The concept of going fast-forward in a lift, or pinching in a header, has been around forever.
When to Sail Low and Fast
Going fast-forward or making a bearing gain is a great weapon to have in your tactical arsenal, bearing gain is when make trees on your competition.
To gain bearing you need two things:
- A boat that is capable of going faster when you put the bow down and a high-performance dinghy can make a better bearing gain than a heavy displacement boat.
- You need an understanding of what you’re trying to achieve by sailing high and slow or low and fast.
In a planing boat, such as a 505 or 470 there’s a fine line between going fast and sailing out of your lane and you need to set up your sail trim to be able to do both, the extra load put on your foils by going fast should help you hold your lane.
To reproduce the settings for a variety of modes and wind conditions, mark your sheets, backstays, and any other adjustments. If you spend a lot of time trying to get the sails set up properly, chances are you’ll miss a brief window of opportunity to go fast.
There are many different situations, but generally you are looking to go fast-forward when you know you are lifted and leveraged near a corner.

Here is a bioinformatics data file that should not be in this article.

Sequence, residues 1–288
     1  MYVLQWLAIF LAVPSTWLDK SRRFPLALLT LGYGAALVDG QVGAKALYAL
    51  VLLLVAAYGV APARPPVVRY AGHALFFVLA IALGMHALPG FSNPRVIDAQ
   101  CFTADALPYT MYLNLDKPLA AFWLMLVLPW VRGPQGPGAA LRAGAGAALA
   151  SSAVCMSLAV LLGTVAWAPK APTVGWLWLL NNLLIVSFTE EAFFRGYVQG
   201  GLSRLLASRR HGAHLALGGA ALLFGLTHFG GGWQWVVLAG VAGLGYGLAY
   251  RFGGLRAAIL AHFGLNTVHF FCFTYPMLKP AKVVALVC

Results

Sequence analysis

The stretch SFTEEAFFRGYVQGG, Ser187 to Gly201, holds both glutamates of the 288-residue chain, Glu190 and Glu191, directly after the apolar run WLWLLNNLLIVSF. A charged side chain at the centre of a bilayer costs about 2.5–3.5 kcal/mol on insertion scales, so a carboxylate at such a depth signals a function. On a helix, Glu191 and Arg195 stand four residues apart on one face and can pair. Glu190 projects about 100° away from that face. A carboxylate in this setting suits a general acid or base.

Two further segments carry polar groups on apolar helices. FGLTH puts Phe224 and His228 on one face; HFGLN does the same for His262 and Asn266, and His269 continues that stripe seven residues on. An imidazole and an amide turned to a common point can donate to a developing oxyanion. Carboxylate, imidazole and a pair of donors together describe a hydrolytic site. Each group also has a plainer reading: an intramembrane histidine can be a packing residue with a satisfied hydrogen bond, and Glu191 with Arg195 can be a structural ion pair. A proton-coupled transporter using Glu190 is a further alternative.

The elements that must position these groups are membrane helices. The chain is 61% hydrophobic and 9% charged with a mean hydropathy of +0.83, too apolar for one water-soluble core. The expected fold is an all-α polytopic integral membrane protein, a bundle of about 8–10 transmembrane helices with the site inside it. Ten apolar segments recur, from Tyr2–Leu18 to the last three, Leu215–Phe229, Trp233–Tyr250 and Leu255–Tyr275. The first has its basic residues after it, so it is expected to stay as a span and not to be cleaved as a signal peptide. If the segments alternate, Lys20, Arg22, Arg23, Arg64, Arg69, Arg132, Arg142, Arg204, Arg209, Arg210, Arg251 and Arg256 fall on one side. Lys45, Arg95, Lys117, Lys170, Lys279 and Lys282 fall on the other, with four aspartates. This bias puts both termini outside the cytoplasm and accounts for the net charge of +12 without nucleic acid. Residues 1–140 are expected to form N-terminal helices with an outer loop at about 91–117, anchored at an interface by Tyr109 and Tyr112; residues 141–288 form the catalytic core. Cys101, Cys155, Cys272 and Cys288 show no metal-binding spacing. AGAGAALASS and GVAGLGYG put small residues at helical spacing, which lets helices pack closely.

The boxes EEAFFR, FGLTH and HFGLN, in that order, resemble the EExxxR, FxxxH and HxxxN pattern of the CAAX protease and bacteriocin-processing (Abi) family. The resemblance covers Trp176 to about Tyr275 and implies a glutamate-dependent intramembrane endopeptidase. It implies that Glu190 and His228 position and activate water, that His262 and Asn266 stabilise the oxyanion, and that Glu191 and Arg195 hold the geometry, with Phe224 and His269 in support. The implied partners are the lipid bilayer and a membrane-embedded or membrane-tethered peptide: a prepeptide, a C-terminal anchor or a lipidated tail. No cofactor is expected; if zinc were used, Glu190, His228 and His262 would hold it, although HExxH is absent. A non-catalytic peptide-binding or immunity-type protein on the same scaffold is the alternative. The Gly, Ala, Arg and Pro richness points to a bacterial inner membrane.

As an example, if you are sailing a long beat and have tacked on a lift to go toward the top mark, anywhere within 2 minutes of layline, you should work on gaining bearing with the fleet to leeward while also maintaining gauge on the boats to leeward.
Another time where you’d look to gain bearing is in a breeze where the shifts are oscillating within a 5 to10 minute period. Sailing fast across an oscillating shift allows you to maximize your leverage and use the maximum amount of the shift before the breeze oscillates in the other direction.
When it comes to which mode to sail in, the decision will be based around true-wind direction, heading and feel.
It’s important to be aware of what you’re doing when you’re going for
bearing gain because you don’t want to spear off into a corner potentially sailing extra distance for a shift that never materializes.
When to Sail High and Slow
There will be times when you need to know how to sail the boat two-tenths under target for a period of time.
Instances where this may be necessary include getting off the starting line, getting away from a leeward mark, when a boat is on your leebow, heading into a persistent shift or when you’re on a layline in the dirty air of a competitor.
If you are stuck in traffic, but wanting to go the the side of the course that the traffic is heading, you would intentionally sail a higher slower mode to play out the long-term tactical plan. More often than not, the high/slow mode is a traffic mode and you need to adjust you sail setup accordingly with traveller up and more sheet or vang tension.
Knowing your set up allows you to quickly and efficiently go from a normal, to fast, to high mode trim.
If you’re blindly sailing high and slow and gaining bearing, there needs to be the conversation of what is the tactical goal for the next three minutes and this needs to be constatly re-evaluated based on what is happening with the fleet.